Published Jun 5, 2009
A new (to this department) PA.
A garden variety headache.
An order for ns at 100 ml/hr. Our order sysem is a little wierd, so I figure she wanted a bolus, and entered it wrong. If the pt stays for 3 hours, that is a bit less fluid than is in a can of soda. When I check on this order, she gives me an explanation about how important it is to hydrate headaches. She would recieve better hydration by standing outside in the rain.
Then: Toradol 30 mg iv, compazine 10 mg iv, benadryl 50 mg PO. PO? This has got to be a typo. One of the benefits of the benadry in this cocktail is preventing a compazine reaction. This one has got to be a mistake, so I double check it. Then, I get an explanation about benadryl can cause agitation. Clearly this woman has not seen a good compazine freak out. And..., if this pt does go nuts, what then- Benedryl iv?
None of this is a big deal to me. This pt wasn't especially sick, and nothing we did would have much impact. A compazine reaction would have been a great learning experience for anyone who hasn't seen one. The provider, for example.
My problem is going to come is she gives any questionable orders in an emergency. At five years of experience, I'm no expert, but I know goofy when I see it.
OK, I feel better now.
Lunah, MSN, RN
I read "tiny vent" and thought you were looking for a portable ventilator. LOL.
That does sound a bit goofy. Is the provider open to suggestions?
classicdame, MSN, EdD
beware. this is the type who will not back you up in the event of a disaster.
I tried to suggest that 100ml an hour is a maintenence rate, not a hydration rate. I tried to give her an out by maybe blaming it on the ordering system. As far as the po meds, "I was thinking maybe you might have wanted that iv so the meds kick in at the same time" (it is, after all, called a 'cocktail' not 'two medications followed by a third about a half hour later.) That's when she explained to me that benadryl can cause agitation. There are hundreds of dugs that can cause agitation, but if I had to guess which would be more likely, I have to go with the compazine.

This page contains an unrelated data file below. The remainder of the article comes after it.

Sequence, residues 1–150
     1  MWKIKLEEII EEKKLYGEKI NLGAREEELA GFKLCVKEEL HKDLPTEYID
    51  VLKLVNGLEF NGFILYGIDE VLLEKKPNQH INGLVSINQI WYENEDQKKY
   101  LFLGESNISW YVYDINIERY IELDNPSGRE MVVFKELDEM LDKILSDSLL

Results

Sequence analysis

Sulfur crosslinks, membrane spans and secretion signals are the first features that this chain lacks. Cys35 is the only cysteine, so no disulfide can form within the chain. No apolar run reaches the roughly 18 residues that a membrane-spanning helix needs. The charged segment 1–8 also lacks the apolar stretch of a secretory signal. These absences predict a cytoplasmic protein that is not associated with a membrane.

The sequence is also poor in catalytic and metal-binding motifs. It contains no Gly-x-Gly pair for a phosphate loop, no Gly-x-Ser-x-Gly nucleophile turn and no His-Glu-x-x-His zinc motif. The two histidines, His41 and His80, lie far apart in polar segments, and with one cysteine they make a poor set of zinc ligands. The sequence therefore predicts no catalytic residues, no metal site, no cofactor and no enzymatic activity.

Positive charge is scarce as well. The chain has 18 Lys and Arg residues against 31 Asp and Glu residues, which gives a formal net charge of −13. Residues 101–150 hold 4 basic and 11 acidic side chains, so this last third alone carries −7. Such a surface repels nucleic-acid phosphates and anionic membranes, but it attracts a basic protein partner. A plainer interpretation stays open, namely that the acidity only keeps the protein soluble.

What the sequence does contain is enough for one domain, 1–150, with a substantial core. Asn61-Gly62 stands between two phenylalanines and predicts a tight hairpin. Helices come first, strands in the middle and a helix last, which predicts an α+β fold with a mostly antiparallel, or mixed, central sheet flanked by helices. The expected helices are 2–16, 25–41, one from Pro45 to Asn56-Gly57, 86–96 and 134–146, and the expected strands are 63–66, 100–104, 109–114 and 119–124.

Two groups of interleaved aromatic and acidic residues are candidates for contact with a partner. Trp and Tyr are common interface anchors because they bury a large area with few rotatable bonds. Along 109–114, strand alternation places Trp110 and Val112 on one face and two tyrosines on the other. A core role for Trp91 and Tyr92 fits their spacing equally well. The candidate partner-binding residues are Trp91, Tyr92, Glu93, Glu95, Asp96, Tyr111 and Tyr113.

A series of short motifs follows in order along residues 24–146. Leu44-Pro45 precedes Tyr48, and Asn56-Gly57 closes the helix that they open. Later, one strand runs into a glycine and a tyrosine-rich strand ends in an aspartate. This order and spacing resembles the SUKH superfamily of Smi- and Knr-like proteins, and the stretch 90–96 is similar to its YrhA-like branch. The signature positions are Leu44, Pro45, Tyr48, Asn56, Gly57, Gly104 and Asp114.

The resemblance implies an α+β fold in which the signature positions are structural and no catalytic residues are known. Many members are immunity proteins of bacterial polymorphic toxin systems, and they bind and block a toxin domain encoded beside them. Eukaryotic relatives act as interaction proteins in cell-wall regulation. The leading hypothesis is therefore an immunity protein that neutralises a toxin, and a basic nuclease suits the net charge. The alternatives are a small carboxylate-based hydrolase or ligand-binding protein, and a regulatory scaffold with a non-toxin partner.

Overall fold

I have only had minimal interaction with her. Maybe she is great, and I caught her on a bad day. It wasn't her lack of knowledge that concerned me as much as her lack of receptiveness. If she makes a bad call when it matters, and somebody catches it, will she listen?
I am spoiled in that I have worke almost exclusively with really competent ER providers. This place alo has residents both in the ER, and hospitalists. It's a whole different ball game.
Yeah, I'd wait it out and see. See how this person "fits" in to your EM setting.
From personal experience both at the Staff-RN level and the NP level - I've seen many differences in different ED's.
I've done certain things one way for a while, then worked at another ED an they've done it completely differently! After a while I find that I had to "morph" to fit their mold.
Maybe this person's background was "different" or maybe their training used some different ways of thinking....
I'd really like to know what their response was when you informed them that 100ml/hr is maintenance not rehydration?????
Hang in there!
What YOU posted was FUNNY too!
Roy Fokker, BSN, RN
Me? I just dilute the Compazine in a bag of 50/100 ml of NS and hang it while I slow push the others :)
But yeah, it did sound weird that the provider was more concerned about the Benadryl "reaction" than the Compazine reaction.
Is s/he an 'absolutely' new provider (as in new to being a PA/new to PA in the ED/new PA to your ED) ? Sometimes, a lot of this is just "new nerves". As they settle in, the vast majority of 'em get to know the Staff they're working with (both the attending docs and the RNs/CNAs) and become more comfortable with their roles and incidents like this usually don't re-occur :)
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